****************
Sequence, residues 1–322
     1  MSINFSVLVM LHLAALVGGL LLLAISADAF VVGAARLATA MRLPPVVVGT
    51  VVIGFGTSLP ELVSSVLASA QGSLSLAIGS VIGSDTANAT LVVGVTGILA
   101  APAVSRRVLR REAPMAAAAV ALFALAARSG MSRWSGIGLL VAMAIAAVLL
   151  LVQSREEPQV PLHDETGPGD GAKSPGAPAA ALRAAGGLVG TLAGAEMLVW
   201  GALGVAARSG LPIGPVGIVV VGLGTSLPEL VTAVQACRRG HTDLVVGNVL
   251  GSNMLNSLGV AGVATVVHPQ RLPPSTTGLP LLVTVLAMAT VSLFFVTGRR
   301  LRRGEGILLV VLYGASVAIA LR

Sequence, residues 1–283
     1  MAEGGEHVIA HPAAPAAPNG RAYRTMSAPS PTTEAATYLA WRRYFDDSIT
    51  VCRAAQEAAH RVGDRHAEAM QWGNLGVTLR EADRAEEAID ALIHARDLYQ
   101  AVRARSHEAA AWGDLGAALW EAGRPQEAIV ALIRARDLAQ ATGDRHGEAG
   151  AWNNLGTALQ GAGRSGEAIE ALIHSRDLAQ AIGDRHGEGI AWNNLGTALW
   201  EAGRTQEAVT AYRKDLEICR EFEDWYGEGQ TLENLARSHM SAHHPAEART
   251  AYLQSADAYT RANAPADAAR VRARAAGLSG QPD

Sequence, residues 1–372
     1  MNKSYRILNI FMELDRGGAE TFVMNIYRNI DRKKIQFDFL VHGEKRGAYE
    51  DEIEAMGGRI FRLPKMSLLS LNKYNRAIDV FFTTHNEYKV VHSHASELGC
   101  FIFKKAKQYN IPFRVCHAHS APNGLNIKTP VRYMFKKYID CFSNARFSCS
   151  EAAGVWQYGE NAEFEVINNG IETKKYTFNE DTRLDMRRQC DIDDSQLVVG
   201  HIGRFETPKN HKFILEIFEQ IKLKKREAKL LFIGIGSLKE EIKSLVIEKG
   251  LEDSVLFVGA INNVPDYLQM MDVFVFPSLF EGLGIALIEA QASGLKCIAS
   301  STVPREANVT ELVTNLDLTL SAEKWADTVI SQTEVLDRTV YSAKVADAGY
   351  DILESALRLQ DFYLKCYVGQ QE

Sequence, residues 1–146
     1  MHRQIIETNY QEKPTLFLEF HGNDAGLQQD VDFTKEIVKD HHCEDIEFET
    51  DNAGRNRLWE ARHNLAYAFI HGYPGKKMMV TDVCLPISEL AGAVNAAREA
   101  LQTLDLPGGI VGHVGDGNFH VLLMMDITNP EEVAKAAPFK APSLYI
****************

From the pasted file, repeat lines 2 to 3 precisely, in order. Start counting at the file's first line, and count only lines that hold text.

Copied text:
     1  MSINFSVLVM LHLAALVGGL LLLAISADAF VVGAARLATA MRLPPVVVGT
    51  VVIGFGTSLP ELVSSVLASA QGSLSLAIGS VIGSDTANAT LVVGVTGILA